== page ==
News & Views

A summary of the Autumn Statement 2023

The Chancellor Jeremy Hunt has delivered his Autumn Statement ‘for growth’ to the Commons, outlining the government’s new tax and spending plans.

The statement looks to reward working people, boosting investment by some £20bn and ‘backing business with 110 measures’.

Hunt declared that the OBR (Office for Budget Responsibility) says the combined impact of his statement will be to raise business investment, get more people into work, reduce inflation next year and increase GDP.

For bathroom manufacturers, the key announcements include:

  • Class 2 National Insurance paid by the self-employed will be abolished, and Class 4 will be cut to 8% from April 2024.
  • Extension of “full expensing” for businesses permanently, which allows companies to deduct spending on investment from profits, meaning they have to pay lower amounts of corporation tax. The tax break was due to expire in 2026.
  • £50m for engineering apprentices and “other key growth sectors” over the next two years.
  • Following a review of the R&D tax relief schemes, the chancellor confirmed a merger of the two R&D tax reliefs into a single scheme will go ahead, with effect from 1 April 2024.

Also announced was £4.5bn for “strategic manufacturing” support between 2025 and 2030. Unfortunately, in this case, bathroom manufacturers will not benefit, as it refers to sectors such as aerospace, life sciences, and green industry firms.

Summary of the remaining headline announcements:

  • Benefits will increase next year by 6.7%.
  • An increase to the Local Housing Allowance rate to the 30th percentile of local market rents.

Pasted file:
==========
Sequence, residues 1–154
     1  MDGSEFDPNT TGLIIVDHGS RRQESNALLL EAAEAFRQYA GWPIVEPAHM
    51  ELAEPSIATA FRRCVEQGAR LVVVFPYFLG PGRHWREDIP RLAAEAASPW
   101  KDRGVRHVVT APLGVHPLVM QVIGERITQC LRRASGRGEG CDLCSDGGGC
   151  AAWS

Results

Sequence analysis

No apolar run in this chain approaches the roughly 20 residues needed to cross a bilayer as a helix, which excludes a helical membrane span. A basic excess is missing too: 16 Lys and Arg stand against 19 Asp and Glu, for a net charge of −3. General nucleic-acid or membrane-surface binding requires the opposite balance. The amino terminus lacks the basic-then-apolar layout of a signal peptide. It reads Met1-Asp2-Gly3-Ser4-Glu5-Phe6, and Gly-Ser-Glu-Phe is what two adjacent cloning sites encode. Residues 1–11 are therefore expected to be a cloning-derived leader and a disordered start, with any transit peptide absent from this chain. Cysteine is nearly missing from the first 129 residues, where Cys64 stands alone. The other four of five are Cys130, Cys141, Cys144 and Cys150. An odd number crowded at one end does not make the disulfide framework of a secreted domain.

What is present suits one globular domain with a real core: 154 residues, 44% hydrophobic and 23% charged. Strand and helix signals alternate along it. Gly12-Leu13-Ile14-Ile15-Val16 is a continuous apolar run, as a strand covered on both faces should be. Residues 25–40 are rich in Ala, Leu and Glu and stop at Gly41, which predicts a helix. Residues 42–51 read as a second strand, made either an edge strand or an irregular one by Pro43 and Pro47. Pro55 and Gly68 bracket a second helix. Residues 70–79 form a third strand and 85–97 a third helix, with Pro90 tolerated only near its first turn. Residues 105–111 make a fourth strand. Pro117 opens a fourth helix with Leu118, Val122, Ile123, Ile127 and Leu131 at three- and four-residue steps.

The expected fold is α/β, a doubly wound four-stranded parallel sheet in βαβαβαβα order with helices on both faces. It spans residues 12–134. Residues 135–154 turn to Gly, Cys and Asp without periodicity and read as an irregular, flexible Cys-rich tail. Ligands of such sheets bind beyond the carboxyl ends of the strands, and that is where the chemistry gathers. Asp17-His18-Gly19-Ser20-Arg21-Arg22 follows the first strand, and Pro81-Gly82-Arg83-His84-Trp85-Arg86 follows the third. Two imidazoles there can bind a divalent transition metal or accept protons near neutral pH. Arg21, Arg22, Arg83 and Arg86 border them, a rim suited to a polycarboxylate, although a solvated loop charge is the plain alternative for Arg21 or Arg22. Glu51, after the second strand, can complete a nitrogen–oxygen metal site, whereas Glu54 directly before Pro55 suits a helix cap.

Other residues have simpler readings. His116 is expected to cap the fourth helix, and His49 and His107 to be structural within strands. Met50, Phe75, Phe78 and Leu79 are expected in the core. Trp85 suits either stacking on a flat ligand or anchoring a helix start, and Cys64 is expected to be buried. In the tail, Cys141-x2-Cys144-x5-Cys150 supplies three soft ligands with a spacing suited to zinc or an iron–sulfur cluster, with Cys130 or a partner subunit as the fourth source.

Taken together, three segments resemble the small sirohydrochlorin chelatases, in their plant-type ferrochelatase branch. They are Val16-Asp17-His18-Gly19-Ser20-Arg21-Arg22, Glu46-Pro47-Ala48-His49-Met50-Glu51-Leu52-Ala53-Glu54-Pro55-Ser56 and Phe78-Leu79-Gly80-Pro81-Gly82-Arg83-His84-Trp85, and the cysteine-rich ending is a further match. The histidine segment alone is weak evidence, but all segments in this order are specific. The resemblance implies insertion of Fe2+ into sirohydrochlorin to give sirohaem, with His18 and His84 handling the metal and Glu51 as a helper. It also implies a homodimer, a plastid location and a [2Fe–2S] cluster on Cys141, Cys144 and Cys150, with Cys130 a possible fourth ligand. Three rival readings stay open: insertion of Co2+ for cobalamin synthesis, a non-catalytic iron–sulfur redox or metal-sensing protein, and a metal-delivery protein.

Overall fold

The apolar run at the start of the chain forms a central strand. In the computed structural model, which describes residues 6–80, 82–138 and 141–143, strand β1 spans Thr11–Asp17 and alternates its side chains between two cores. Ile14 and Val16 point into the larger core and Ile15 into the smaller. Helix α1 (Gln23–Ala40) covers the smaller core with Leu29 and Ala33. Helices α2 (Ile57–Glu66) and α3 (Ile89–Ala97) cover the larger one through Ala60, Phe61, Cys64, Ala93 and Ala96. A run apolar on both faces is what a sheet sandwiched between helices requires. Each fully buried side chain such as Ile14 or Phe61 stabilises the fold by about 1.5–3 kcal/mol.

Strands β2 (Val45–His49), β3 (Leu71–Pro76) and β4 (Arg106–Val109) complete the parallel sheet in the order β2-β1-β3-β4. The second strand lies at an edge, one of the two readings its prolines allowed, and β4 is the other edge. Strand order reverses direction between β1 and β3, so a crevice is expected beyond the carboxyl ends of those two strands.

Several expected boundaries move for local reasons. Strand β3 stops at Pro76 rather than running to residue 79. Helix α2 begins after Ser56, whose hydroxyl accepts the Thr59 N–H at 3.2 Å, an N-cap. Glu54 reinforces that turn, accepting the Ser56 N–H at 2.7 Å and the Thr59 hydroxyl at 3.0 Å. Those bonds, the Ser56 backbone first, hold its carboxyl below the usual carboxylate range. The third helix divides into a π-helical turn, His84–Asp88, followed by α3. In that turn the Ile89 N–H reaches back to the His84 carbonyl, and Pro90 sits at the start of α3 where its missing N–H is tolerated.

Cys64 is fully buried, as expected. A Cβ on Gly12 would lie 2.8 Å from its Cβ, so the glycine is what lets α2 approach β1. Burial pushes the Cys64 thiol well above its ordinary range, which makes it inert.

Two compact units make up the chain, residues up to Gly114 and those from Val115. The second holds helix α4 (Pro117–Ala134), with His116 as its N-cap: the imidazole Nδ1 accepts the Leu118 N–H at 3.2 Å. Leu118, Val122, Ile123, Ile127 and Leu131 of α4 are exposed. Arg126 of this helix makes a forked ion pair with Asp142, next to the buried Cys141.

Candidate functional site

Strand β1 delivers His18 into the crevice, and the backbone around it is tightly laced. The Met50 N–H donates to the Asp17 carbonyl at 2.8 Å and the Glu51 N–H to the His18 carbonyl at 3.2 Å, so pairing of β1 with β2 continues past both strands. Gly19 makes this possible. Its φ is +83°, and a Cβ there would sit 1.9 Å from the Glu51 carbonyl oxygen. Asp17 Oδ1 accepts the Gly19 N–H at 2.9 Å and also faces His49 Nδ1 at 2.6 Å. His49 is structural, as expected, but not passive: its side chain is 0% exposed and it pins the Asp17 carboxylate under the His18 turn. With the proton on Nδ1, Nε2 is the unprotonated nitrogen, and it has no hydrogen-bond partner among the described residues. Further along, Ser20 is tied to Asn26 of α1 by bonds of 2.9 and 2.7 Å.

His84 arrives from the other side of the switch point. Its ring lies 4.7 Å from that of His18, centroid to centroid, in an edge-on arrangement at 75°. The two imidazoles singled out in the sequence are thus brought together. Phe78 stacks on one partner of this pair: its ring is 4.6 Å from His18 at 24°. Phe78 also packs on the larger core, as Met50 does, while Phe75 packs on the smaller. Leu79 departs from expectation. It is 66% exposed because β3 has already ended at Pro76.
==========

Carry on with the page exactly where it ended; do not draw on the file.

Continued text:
• Alcohol duty is frozen until August 1 2024.
  • A commitment to the pension triple lock ‘in full’ with an 8.5% rise.
  • Headline debt is now predicted to be 94% of GDP by the end of the five-year forecast period.
  • Planning application reform to allow local authorities to recover the full costs of major business planning applications in return for being required to meet guaranteed faster timelines.
  • Permitted development rights extended, allowing a house to be converted into two flats.
  • Hunt will consult on giving pension savers a “legal right to require a new employer to pay pension contributions into their existing pension”.
  • £500m investment over the next two years to fund more innovation centres to help make the UK an “AI powerhouse”.
  • An extension to financial incentives for Investment Zones and tax reliefs for Freeports from five to 10 years.
  • Mandatory work placements for job seekers still out of work after 18 months. Benefits will end if they choose not to engage in the work process after six months.
  • The National Living Wage will rise to £11.44 an hour from April for those 21 and over.
  • The main rate of employee National Insurance (NI) cut to 10% for 27 million people. Hunt will bring it in from Jan 6 2024, through urgent legislation.

Ending his address, the Chancellor claimed the Autumn Statement delivered “the biggest business tax cut in modern British history” and would return tens of thousands more people to work.

While the Chancellor is announcing his plans as a “tax-cutting budget”, overall, the tax burden is actually increasing to record highs.

The clear standout news from the statement is the cut to NI contributions. However, the OBR warned that fiscal drag (people being dragged into higher tax brackets than they otherwise would have been – or having more of their income caught in a higher bracket) will add £45bn by 2029 to the Treasury coffers. The cost of the NI cut will only cost the Treasury £10bn.

In further gloomy news, according to the OBR, the economy is forecast to grow slower than expected – 0.7% next year instead of the 1.8% previously forecast.

Indeed, the OBR say that living standards are forecast to be 3.5% lower in 2024-25 than pre-pandemic levels, suggesting that for all the fanfare of a NI cut, household budgets remain extremely tight.


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